I pride myself on being pretty good at wearing different hats. Over the years I have been in some pretty tricky spots; being on the School Board of Executives to effectively manage my own boss was an interesting structure that required a certain level of hat whipping on and off at any given time. I’ve never had the kind of jobs that are left at the office and now running a small business from home is testing my powers of compartmentalisation heavily. I know I am not succeeding the way I’d initially hoped when my two year old’s most repeated phrases are “put down your phone” or “no, close your ‘puter”. (He also often says “I love cake” in a dreamy and hopeful voice).

Separating yourself from your small business is just so, so hard. I have a dear and long-time friend that runs a very successful salon in the local area. I can count on one hand the amount of times we have managed to get together in the last two months. When we do, we inevitably talk about business. The other aspects of our lives – the children who have known each other since they were babies, our husbands, our lives – these get pushed into the ‘incidentals’ category.

In my case I’ve added to this mix a long term illness that is currently managed with lots of healthy living and a reduction of stressful situations. Sorry, what? Yes, I know that starting my own business is probably not the stress-free lifestyle my Doctor recommended. But there’s something to be said for following your dreams that must be considered too.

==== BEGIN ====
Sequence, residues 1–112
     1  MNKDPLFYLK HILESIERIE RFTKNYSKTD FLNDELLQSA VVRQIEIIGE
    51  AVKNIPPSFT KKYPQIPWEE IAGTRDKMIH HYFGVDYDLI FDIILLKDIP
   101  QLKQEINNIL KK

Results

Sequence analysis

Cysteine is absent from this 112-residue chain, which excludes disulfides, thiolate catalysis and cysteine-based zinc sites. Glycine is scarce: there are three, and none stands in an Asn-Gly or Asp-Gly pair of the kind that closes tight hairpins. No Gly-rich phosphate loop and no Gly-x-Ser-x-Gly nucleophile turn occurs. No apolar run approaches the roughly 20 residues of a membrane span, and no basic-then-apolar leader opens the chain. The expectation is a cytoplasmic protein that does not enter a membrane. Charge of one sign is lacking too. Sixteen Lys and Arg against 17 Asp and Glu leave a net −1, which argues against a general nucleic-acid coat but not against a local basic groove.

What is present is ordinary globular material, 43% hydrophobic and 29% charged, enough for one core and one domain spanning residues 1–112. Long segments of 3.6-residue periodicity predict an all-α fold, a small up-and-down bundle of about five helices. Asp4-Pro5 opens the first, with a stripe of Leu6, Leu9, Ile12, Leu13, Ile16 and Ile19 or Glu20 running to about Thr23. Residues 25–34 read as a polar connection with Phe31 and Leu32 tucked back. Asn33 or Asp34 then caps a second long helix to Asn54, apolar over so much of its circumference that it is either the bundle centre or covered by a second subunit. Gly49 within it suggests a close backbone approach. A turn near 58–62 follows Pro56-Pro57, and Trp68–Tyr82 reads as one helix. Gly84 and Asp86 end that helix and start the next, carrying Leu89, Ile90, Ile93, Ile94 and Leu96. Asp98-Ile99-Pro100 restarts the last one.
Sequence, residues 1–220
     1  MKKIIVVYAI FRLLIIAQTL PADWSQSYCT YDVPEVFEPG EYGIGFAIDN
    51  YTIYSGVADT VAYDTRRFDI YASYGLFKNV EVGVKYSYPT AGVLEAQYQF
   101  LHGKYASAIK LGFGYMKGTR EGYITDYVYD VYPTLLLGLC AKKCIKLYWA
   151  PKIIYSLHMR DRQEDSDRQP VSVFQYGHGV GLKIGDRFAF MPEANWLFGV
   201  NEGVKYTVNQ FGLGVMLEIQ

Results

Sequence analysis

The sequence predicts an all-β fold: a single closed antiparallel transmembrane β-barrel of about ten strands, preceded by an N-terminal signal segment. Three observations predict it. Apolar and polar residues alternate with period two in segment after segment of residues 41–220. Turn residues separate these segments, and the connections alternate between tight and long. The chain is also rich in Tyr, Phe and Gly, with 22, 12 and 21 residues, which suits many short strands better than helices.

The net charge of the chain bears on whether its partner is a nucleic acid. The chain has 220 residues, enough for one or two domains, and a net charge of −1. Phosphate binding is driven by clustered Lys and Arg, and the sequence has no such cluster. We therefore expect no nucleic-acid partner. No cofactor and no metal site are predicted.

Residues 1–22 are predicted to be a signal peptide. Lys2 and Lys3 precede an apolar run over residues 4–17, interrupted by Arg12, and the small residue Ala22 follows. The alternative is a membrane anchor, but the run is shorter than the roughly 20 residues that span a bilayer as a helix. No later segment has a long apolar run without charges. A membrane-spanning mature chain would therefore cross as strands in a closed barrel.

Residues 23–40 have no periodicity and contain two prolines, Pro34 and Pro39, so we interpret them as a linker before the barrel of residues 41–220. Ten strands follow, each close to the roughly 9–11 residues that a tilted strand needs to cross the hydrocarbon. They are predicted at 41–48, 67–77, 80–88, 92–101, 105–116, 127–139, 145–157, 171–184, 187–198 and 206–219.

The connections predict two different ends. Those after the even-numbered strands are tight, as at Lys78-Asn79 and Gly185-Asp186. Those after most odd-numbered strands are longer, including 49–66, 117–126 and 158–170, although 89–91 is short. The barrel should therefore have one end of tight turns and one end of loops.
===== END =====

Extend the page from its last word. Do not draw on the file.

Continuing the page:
Anyone who has met me may attest to the fact that I am pretty excitable. Because I become devoted new projects so heavily, I tend to create an openness that isn’t so protective of myself. There’s a vulnerability that’s required of writers, of designers and artists that cannot be armoured. It’s an interesting mix for a business.

So, I am tackling each new day and each new project with a deep breath and a very, very honest and self evaluating conversation with myself. I also remind myself early that it may not end up being the client of my dreams, nor the project I envisioned.

Not everyone will love everything I do. Not everyone will want to hire me. Sometimes, I will be usurped or replaced. Sometimes, I won’t have the capacity or the time or the resources to take on the project. Especially now, at the beginning, that is probably going to sting.

I find it helps to remember why I began. How I can help. What I am offering. It helps to remember that larger companies than mine have put their trust in me and come up roses. It helped to read article upon article about how business people deal with anxiety every meeting, every interview, every day.

It helps to put on my virtual pom poms in my own head and give myself a cheer.

Go ‪#‎teamcrispycrow



this is my favourite face

Jay Crisp Crow

is actually my name

Word nerd bird + boss and chief copywriter at Crisp Copy + plump + feisty + brave + tired + too much + one #fullysickbusinesschick + co-founder of How Dare She? + “Ma” for a crew + lover of a Viking